As Nelson Mandela tours the United States, it is easy -- almost too easy -- for Americans to feel a smug sense of moral superiority to the apartheid policy that dominated South Africa for far too long and kept Mandela in jail. Less comfortable, but more important, is a candid appraisal of race relations in our own society.
That task has been attempted by an unusual group -- not a civil rights lobby, not a minority organization, but 90 chief executives of major corporations and universities who call themselves the Business-Higher Education Forum. Their report, ''Three Realities,'' drew less attention than it deserved when published earlier this month.
What are the three realities they see? The first is that many minority-group members are succeeding. The black middle class has tripled in size in a generation. More than 40 percent of working-age blacks now are middle class. Nearly half own their own homes. Three years ago, about two out of five black and Hispanic families had incomes over $25,000.
The second reality is that another third of America's minorities live on the margin, with such limited skills and so little education they must scramble to survive. As the report says, ''They are falling behind economically and seem to be virtually invisible to our policymakers. ... The families of most unskilled workers qualify for little public aid. Many have no health insurance, but they do not qualify for Medicaid.'' Food stamps and unemployment programs rarely reach them.
The third reality is the one most of us would choose to ignore: the persistence of poverty for three out of 10 minority citizens, many of them trapped in an underclass plague of drugs, delinquency and broken families.
The executives found a vivid way to describe the fateful balance in this nation. In the 30 minutes they estimate it will take to read their report, about 250 people will become Americans -- 220 born here and 30 immigrants. ''In that same 30 minutes, more than 160 young people in the United States will make personal decisions that will affect them for the rest of their lives. Their families, their communities and the entire nation will also live with the consequences.
''Nearly 50 will drop out of school; 85 will commit a violent crime against another human being; 27 teenage girls will give birth, 16 of them out of wedlock.''
As successful executives, the authors, led by Steven C. Mason, president of the Mead Corp., and Clifton R. Wharton Jr., former president of Michigan State University and now head of the nation's largest private pension fund, are not satisfied to describe the problem and then walk away. They have met already with three members of the Cabinet and key congressmen as well as with their counterparts in the business and academic worlds. Their agenda suggests some things Americans can do here when we finish applauding what Mandela has done there.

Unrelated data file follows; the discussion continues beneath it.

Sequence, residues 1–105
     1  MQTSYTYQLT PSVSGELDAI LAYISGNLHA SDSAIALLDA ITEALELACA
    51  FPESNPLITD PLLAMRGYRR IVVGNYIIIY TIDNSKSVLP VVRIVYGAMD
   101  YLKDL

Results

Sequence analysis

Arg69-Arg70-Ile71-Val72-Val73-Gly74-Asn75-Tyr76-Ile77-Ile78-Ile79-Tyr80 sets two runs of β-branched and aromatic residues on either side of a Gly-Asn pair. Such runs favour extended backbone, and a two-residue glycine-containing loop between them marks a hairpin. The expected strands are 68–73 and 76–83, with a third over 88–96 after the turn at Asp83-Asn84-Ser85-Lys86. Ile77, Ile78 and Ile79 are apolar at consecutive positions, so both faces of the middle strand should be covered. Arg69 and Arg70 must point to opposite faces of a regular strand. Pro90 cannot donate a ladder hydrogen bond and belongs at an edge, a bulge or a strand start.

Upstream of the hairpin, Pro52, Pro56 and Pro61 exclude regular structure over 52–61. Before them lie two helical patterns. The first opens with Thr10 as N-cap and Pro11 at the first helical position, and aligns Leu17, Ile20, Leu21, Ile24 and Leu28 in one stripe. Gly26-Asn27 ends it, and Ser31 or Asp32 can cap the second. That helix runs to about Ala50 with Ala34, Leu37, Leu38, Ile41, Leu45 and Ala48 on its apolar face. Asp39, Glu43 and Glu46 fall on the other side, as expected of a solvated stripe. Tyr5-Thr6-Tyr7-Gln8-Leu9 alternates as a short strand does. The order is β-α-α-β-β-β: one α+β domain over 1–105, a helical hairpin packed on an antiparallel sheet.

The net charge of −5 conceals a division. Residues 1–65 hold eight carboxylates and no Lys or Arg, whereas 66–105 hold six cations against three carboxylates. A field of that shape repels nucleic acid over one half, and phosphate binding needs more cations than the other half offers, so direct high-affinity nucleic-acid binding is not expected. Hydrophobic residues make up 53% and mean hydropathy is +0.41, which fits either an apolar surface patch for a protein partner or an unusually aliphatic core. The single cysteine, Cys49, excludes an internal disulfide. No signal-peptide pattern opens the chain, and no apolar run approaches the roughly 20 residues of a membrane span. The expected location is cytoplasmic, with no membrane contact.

For those on the margin and those who are not making it at all, they suggest restoring public-employment and training programs to the equivalent of their 1980 budget levels. While most of us were being lulled with claims that the ''social safety net'' was being kept intact, those funds were cut by more than half -- from $8.5 billion to $4 billion -- and further diminished by inflation.
They also call for full funding of Head Start and its follow-on programs in the elementary grades, which now reach only one-third of the eligible youngsters. They want grants, instead of loans, for low-income students in the first two years of college. And they want families of all low-income students to be told when they enter the seventh grade that if they buckle down to schoolwork, their college costs will be guaranteed.
In their own bailiwicks, the corporate and college presidents strongly endorse affirmative-action programs and point to model outreach programs that seemingly do bring more blacks and Hispanics onto campuses and into career-track jobs. The decline in the percentage of minority enrollments of the past 10 years is neither acceptable nor inevitable, they say.
And they have something important and unusual to say about the ways in which big businesses -- including universities, which often are the largest employers and purchasers in their communities -- can help small businesses owned and run by minorities get started and survive. The tools include capital investment, counseling and awarding of franchises. One Chicago bank they cite has helped create job-training and placement programs for 3,000 people, given advice to 1,000 would-be entrepreneurs and assisted the start up of at least 70 new businesses -- and made money in the process.
What these executives are saying is: The challenge is there, but so are the tools to meet it. When the applause for Mandela stops, the test will be how many turn their hands to these tasks.